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Closed: What happens if Washington state shuts down

While our state legislators continue to argue over the budget, we’re just days away from a government shutdown. State employees have begun receiving temporary layoff notices, and many state agencies will shut down on July 1 without an agreement between legislative chambers and a signed budget by midnight on June 30.

Image of the Washington State Capitol Building with a "Closed" sign.What will happen if our government shuts down?

If Governor Inslee is unable to sign the budget before July 1, state employees will be affected—but so will parents, children, and small business owners. And those hit hardest will be low-income parents and families. You see, if the budget is not signed by July 1, licensed childcare providers who received state funding will be unable to work, and this could have a huge impact on families.

I asked two childcare providers to explain the impact a government shutdown could have on their clients.

Bertha Ramirez, a licensed home childcare provider in the Pasco community, says:

I have served my community and low-income families and children for the last 17 years, but I will not be able to care for state-subsidized children without a state budget in place by July 1. In order for me to maintain the quality of care that I have worked so hard to achieve through classes, trainings, and investing in quality materials, I cannot work for free. I have discussed the situation with the families I serve, and the parents are very worried about what they will do so they can work without access to childcare. I feel so bad for them, but the only people that can stop this from happening are our legislators.

Jeff Robison, owner of the Bilingual Learning Center in Kennewick, says:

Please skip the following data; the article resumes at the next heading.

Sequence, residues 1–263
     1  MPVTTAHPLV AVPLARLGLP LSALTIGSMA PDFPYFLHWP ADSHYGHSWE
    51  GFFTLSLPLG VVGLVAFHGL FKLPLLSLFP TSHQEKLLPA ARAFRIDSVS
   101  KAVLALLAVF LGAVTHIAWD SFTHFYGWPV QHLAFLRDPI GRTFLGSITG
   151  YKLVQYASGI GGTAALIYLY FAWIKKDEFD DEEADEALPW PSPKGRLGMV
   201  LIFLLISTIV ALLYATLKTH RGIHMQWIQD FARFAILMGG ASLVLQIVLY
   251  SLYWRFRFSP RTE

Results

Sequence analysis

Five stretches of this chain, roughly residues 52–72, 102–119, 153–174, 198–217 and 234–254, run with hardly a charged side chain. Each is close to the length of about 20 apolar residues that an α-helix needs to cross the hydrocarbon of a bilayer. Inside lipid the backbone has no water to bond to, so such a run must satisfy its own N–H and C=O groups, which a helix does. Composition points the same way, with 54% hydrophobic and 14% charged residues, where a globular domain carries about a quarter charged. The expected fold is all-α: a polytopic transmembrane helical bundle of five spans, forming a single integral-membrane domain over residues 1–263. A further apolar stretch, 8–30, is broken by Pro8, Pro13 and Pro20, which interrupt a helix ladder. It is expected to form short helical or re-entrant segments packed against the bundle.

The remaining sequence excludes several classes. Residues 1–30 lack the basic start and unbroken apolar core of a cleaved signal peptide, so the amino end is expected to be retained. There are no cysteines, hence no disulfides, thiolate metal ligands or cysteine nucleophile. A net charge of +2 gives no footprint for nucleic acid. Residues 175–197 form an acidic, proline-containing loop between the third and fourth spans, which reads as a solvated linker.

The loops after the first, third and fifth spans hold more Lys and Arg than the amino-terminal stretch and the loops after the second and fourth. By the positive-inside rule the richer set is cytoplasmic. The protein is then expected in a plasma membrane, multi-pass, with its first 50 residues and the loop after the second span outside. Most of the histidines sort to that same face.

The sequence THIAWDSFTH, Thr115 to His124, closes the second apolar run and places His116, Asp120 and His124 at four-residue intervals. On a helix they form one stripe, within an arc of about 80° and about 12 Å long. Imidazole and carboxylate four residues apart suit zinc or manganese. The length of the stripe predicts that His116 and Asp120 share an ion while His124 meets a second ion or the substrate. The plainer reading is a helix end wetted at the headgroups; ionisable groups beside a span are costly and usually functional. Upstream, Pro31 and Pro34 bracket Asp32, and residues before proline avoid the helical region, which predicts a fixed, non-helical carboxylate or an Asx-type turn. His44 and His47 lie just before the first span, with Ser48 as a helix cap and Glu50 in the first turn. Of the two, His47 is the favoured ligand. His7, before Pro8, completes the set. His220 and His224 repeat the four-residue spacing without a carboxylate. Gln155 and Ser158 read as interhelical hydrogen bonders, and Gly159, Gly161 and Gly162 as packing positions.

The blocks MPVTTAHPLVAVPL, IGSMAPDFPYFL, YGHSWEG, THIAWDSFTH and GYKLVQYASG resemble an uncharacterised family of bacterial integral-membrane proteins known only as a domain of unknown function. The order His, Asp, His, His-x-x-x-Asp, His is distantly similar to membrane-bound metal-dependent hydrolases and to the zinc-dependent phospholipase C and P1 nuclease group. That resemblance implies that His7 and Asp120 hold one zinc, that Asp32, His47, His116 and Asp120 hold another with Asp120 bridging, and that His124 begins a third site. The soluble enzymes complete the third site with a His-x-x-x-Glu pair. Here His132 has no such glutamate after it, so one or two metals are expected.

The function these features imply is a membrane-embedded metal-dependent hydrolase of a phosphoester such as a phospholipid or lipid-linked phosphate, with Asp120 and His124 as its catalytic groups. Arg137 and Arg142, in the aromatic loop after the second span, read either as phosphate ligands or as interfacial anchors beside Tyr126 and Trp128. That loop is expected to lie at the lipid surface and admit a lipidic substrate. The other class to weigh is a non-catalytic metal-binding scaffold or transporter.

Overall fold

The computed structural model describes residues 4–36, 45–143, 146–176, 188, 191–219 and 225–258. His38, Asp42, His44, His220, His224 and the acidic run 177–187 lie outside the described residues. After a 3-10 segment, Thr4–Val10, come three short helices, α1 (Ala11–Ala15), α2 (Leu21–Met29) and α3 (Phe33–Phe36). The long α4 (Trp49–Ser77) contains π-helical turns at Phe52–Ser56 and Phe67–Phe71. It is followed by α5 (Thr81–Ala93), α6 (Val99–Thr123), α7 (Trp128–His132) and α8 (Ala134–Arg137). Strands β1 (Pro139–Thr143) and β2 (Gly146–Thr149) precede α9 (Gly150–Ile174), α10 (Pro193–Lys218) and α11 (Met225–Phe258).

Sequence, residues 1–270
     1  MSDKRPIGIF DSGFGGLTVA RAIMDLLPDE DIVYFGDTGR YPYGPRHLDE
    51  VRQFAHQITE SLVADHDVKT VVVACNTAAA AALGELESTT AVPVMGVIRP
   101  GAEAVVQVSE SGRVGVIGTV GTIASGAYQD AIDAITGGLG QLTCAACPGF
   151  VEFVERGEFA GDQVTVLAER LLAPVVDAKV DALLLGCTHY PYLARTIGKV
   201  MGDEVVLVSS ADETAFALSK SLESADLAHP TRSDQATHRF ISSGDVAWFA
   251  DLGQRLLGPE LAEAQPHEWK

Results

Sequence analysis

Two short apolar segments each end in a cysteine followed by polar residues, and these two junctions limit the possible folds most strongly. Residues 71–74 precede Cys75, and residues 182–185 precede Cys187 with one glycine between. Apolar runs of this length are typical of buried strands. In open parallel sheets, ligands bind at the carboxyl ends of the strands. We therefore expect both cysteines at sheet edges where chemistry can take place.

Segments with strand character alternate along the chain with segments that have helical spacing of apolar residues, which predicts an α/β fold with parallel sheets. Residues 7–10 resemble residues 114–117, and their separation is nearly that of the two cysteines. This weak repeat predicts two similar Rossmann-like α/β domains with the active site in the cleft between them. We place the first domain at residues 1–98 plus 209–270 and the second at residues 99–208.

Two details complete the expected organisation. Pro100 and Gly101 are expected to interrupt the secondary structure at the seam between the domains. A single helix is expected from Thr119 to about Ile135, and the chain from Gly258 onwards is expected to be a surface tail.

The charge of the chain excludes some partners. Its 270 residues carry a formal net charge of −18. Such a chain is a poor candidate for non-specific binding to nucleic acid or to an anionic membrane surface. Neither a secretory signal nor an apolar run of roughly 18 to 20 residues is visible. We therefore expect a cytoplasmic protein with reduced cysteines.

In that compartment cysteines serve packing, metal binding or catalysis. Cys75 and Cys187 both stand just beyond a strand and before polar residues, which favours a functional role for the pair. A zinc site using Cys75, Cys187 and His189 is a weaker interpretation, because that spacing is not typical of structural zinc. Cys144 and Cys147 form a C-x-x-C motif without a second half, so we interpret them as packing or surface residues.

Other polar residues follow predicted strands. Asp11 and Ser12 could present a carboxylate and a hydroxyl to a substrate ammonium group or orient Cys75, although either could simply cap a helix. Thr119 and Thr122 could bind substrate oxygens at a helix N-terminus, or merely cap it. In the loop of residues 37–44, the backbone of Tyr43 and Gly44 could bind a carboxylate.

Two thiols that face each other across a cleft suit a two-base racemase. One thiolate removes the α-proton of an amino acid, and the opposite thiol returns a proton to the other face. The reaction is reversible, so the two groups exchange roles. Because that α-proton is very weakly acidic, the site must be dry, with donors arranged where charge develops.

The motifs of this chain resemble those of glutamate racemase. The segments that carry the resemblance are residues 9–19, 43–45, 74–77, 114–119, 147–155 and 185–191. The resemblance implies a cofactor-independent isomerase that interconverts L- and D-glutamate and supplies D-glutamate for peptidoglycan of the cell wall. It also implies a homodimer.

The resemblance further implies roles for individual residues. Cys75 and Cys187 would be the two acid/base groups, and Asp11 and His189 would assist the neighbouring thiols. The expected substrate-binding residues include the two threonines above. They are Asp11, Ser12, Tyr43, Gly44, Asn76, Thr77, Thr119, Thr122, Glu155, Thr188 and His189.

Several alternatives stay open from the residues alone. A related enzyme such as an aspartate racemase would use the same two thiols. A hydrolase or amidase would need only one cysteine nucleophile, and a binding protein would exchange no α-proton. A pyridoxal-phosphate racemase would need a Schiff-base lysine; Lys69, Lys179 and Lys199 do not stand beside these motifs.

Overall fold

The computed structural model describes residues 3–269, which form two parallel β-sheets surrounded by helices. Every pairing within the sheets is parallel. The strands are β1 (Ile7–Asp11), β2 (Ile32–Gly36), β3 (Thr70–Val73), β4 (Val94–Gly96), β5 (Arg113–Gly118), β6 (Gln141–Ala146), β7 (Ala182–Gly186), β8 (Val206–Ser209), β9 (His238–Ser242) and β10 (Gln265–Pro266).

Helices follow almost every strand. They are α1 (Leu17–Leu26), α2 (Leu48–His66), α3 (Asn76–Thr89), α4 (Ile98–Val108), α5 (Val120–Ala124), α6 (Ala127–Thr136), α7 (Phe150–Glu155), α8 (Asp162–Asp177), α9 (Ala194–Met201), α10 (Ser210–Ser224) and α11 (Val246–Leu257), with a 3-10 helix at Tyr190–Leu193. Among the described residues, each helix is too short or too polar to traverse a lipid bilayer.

The Bilingual Learning Child Care Center will have to discontinue service for state-funded children on July 1 if we do not have a signed and ratified budget by then. Parents will either need to make alternate arrangements, which could put their children at risk if they are not in a licensed child care setting, or put their livelihood at risk if they choose not report for work or school until the budget is approved and signed. Not only will this impact the children and families that we serve, it will also negatively impact our child care center staff because we will not have the enrollment numbers to keep all of our staff employed. In addition, if our free and reduced price lunch students drop below 26 percent, our funding from the U.S. Department of Agriculture could be impacted.

If parents who are employed as migrant workers cannot find childcare, they must either risk losing their jobs to stay home and care for their children during peak harvest season, or leave their children at home with no adult supervision or care.

Legislators should connect the dots on who a government shutdown will really affect the most.

Posted in: Advocacy and Activism, Blog, Legislative session

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